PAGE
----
Last week I was talking to a journalist about the 4-day week, and we got on the subject of flexibility. Of course, flexible work is all the rage now, and lots of workers (and some politicians or policymakers) want to see it become a mandatory option for everyone.

I’ve had reservations about this, and I finally figured out why.

For one thing, there’s a great literature on the real-world downsides of flexible work policies. Getting control over your own schedule benefits men more than women. The “flexibility stigma” slows down women’s careers. Men and women are rewarded differently for using flexible programs (or crafting the appearance of overwork). A study of work-home interference found that flexible schedules raised “expectation that you’ll do a great job juggling family and work,” and that the person with the flexible schedule becomes the default parent who’s expected to pick up kids or fill the gaps when something unexpected happens. While flexibility has logistical benefits, routines are also really good for us. And of course, you can make various arguments about how flexible work creates additional labor for everyone: just keeping track of everyone’s schedules, figuring out how to properly route information, etc., becomes harder than it is when everyone is in the office on more predictable schedules.

This suggests to me that even in well-meaning companies, flexible work is hard to do right, and that alternatives like a 4-day week seem to do a better job of rebalancing the needs of people, families, and employers. (Though I should note that the study of work-home interference also noted that work-family interference increased when people shorted their working hours.) There’s no suspicion that the person leaving work the early afternoon is creating extra work for the rest of the team when everyone leaves work early: turning this into policy creates incentives for everyone to cooperate around the goal of having a shorter workweek, rather than competing around the goal of having a shorter workweek.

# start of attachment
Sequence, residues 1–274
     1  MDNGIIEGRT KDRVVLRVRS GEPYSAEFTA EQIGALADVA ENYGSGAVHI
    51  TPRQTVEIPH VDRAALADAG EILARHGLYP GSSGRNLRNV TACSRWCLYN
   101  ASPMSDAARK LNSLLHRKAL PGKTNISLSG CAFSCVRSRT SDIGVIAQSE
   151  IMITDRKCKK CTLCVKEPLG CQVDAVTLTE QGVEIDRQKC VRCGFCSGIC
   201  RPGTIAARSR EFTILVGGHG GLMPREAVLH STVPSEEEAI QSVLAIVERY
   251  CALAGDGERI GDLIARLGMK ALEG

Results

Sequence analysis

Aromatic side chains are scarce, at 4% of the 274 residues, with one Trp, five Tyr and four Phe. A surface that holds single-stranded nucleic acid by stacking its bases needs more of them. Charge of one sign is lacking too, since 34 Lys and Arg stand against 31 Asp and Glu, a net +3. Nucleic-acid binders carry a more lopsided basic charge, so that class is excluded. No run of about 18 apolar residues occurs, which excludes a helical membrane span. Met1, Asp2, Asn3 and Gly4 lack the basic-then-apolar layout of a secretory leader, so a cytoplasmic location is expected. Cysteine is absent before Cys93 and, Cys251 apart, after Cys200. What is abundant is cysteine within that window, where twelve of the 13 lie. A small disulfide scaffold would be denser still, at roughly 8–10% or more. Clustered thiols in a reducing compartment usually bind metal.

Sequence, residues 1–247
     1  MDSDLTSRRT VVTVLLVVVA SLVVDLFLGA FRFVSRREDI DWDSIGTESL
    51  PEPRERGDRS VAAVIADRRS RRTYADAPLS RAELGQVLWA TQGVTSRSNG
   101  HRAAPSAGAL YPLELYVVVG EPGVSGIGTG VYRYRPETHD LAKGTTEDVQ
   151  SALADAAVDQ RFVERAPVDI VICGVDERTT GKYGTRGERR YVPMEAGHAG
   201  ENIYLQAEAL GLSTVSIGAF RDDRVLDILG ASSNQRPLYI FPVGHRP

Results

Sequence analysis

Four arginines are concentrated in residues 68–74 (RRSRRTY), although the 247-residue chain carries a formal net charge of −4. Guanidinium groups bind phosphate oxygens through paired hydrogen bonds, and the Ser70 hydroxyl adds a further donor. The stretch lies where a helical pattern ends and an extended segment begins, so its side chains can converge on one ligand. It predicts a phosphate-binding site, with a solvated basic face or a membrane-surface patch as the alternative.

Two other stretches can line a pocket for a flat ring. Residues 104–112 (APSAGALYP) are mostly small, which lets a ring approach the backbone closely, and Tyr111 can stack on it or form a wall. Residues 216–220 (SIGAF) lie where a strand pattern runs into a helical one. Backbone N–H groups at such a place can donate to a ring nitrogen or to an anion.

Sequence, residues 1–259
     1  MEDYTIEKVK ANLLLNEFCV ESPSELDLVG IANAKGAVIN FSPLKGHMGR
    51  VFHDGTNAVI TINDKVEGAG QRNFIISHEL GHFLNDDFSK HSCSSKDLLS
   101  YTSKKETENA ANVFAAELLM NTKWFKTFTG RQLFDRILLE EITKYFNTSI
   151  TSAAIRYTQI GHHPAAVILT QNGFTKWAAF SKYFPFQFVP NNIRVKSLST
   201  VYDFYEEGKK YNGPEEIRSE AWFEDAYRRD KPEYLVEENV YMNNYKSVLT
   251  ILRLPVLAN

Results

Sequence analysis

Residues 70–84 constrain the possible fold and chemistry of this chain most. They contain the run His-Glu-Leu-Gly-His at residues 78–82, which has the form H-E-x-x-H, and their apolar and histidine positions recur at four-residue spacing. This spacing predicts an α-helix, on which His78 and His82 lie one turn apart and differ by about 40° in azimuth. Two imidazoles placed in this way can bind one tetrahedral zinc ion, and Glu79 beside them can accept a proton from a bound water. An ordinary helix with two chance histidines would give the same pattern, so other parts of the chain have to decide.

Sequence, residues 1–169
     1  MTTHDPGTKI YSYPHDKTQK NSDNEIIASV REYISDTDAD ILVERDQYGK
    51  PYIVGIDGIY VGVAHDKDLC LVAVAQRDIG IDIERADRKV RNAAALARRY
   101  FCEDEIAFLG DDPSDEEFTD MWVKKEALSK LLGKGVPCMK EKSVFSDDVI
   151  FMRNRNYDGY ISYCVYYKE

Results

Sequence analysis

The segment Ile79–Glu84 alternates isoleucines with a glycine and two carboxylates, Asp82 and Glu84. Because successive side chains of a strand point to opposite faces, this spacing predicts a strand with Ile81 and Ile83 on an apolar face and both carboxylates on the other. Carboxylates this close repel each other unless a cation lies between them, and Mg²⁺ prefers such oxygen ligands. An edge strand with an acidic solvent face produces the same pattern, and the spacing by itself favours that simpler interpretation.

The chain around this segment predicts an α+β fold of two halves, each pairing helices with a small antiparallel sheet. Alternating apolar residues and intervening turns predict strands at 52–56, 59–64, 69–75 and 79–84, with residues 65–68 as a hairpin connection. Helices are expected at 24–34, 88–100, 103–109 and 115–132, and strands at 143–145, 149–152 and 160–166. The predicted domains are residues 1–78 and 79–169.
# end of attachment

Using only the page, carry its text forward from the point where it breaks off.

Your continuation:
But in the course of this conversation I put my finger on something else that bothers me about our discussions of flexibility.

When we talk about flexibility, we talk about it as if every day can be a make-your-own-adventure. The problem is that flexibility becomes a resource that the rest of the world can use to solve its scheduling problems. Rather than being something that makes your life better, it becomes a buffer that the world can count on when schedules crash, when someone gets stuck in a meeting and can’t do carpool, or a client demands last-minute changes in a deliverable.

Flexibility sounds like it should good for you, but it’s really another way for your employers to offload work onto you. Flexibility is a lot like mobility. We imagined that carrying our offices around in our pockets would let us break work into multiple sessions that would fit our lives, but in today’s 24/7 always-on world, it’s instead ground work into a liquid that seeps into our entire day.

So what’s the solution?

I think we should think of flexibility as a right, not a daily practice.

“Flexible work” should be like freedom of movement, or the right to marry who we want: it’s an ability that we can exercise in order to design and live more satisfactory lives. But just as freedom of movement doesn’t translate into us moving into new houses every day, and the freedom to marry who we want is something we ideally exercise once, flexibility should not be a license for everyone else to behave like chaos monkeys, or something that you should be expected to use to compensate for your manager’s inability to make resilient plans or your client’s inability to make up their mind.

So yes, let’s go for flexibility. But let’s think about how to use it to make our lives better, rather than just… more flexible.